Efforts to redevelop the land around Peoria Sports Complex on 83rd Avenue, south of Bell Road, have come in stops and starts, including a couple attempts over the last decade that have not been successful. A 2012 proposal also wanted to build high-end apartments, a hotel, retail and dining on the site, but it did not move forward.

However, Gregory said, this time the developer has experience with a mixed-use development around a sports complex.

“We feel really good that we have the ability to go forward,” she said.

Property tax incentive to be offered

In November, the Peoria City Council approved an implementation development agreement that will allow the city to sell the land to American Life for the development. The land will then be deeded back to the city for a government property lease excise tax, or GPLET, agreement, that will be used to reimburse the developer for public infrastructure improvements on the site. By temporarily leasing the site from the government, the arrangement allows the developer to avoid property tax on the site. Katie Gregory, deputy city manager for the city of Peoria, said the agreement will only be in place until the public infrastructure improvements on the site are reimbursed, or for eight years, whichever comes first. Councilwoman Denette Dunn voted against the arrangement.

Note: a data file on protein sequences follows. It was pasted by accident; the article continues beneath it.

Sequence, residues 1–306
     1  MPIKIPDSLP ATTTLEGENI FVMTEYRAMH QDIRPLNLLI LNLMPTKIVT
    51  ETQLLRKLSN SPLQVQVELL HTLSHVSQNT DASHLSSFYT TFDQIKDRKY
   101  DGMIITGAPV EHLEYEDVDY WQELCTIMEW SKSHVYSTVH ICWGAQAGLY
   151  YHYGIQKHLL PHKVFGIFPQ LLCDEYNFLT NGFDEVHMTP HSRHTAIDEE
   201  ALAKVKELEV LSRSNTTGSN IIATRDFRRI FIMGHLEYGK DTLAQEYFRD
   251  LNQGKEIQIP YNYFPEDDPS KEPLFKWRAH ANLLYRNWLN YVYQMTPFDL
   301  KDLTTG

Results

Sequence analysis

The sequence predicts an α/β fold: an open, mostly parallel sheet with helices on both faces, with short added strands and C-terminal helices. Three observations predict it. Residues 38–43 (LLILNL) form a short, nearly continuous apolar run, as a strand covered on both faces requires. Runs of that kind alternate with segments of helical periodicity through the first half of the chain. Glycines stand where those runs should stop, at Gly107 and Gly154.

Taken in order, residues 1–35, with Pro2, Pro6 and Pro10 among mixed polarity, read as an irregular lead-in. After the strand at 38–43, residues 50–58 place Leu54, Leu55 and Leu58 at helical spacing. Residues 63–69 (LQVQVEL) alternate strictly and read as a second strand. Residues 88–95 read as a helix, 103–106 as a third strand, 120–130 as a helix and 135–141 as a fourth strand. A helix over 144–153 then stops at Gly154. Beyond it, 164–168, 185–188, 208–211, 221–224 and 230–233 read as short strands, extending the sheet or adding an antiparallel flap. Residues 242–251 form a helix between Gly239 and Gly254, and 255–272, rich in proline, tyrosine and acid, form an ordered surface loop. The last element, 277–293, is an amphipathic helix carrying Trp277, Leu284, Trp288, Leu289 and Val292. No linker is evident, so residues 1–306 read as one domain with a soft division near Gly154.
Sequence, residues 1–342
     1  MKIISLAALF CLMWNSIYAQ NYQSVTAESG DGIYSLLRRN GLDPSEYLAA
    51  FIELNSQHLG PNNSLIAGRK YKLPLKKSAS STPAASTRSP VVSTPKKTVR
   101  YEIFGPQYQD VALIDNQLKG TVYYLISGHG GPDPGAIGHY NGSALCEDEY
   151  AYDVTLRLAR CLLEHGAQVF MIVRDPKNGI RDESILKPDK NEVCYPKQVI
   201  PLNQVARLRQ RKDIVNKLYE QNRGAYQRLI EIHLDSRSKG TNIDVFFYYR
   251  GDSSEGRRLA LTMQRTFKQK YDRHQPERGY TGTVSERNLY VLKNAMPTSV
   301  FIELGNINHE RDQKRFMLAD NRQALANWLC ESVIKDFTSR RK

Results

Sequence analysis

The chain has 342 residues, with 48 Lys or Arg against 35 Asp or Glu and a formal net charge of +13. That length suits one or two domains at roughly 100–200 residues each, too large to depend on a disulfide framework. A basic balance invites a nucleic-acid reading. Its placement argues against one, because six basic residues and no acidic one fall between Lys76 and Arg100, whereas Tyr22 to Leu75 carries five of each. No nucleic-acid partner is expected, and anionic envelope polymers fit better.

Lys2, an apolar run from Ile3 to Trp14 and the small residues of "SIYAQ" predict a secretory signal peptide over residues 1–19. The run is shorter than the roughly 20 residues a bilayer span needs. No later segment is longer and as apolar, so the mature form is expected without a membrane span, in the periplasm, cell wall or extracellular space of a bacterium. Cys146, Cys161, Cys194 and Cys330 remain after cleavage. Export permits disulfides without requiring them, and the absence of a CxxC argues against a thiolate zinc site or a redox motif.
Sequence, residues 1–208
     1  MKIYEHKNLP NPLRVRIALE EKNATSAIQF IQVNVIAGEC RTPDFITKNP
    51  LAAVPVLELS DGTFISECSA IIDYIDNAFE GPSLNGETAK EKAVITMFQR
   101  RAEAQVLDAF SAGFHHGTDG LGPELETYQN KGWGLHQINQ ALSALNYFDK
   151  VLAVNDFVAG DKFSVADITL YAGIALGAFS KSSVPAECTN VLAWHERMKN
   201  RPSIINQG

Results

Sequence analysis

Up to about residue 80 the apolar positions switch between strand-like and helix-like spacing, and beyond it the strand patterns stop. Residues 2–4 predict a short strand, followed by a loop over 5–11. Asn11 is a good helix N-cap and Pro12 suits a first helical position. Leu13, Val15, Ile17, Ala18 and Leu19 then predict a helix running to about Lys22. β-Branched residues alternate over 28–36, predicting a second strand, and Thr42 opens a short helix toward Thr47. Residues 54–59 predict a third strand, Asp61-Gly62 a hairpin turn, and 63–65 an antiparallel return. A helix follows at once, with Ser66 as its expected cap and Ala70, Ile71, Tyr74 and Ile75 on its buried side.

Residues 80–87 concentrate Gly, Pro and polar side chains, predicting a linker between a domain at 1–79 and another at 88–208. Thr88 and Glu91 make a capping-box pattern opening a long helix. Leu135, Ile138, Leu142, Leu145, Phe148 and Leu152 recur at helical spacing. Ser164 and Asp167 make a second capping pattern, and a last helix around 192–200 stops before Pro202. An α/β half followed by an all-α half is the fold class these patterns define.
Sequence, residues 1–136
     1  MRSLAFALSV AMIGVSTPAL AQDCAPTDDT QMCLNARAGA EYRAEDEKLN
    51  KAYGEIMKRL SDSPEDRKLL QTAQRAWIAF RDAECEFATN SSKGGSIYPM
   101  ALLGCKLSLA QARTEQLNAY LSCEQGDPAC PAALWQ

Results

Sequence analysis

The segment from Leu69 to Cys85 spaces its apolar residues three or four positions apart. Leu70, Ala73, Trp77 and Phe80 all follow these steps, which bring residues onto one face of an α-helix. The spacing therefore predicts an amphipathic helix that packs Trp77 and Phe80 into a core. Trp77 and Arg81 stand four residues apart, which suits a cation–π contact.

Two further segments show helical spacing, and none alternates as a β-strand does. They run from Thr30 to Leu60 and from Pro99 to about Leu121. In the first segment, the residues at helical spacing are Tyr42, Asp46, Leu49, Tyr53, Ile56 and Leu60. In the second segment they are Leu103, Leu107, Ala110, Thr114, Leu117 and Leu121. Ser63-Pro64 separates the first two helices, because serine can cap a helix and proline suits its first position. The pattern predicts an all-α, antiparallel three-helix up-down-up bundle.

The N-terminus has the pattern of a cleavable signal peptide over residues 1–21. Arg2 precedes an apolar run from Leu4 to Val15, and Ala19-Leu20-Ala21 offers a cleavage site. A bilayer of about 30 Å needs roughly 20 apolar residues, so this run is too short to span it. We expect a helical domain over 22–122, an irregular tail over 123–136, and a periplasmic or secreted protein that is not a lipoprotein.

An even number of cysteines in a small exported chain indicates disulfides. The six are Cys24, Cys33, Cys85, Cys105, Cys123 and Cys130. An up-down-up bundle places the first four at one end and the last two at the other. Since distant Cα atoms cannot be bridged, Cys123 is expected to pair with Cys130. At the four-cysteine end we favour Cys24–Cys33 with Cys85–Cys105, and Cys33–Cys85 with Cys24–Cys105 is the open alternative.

GPLET deals have come under fire in recent years by groups that argue that it violates Arizona’s Gift Clause by giving a subsidy without a direct benefit to the taxpayers. Both Peoria and Phoenix have recently lost court cases over the use of GPLETs to incentivize development in their city. Peoria was sued over a deal given to Huntington University, and Phoenix lost a suit over a deal given to an apartment development downtown.

However, Gregory said, this deal will only reimburse the developer for public infrastructure, not any of the private improvements on the site. The setup is different than most, which simply allow the developer to avoid paying property taxes for the term of the lease, to offset the cost of building the project.

Jon Riches, vice president of litigation for the Goldwater Institute, a libertarian think tank that has brought lawsuits against cities over GPLETs, said he was not aware of any opposition to the Stadium Point deal, and said if there is a measurable, direct public benefit from the arrangement, it could comply with the Gift Clause.

“The purpose of the Gift Clause is to prevent taxpayer resources being used to benefit a private party, or to prevent draining taxpayer money without a benefit to the taxpayer,” he said.

The Goldwater Institute is in ongoing litigation with the city of Phoenix over a GPLET granted to another apartment development downtown.

In total, infrastructure improvements on the site will cost about $40 million, but not all of that will be public infrastructure, and therefore will not all be eligible for reimbursement, Gregory said.

The project still needs to receive final city approvals before its first phase can begin construction, but is expected to begin in mid- to late summer 2023, she said.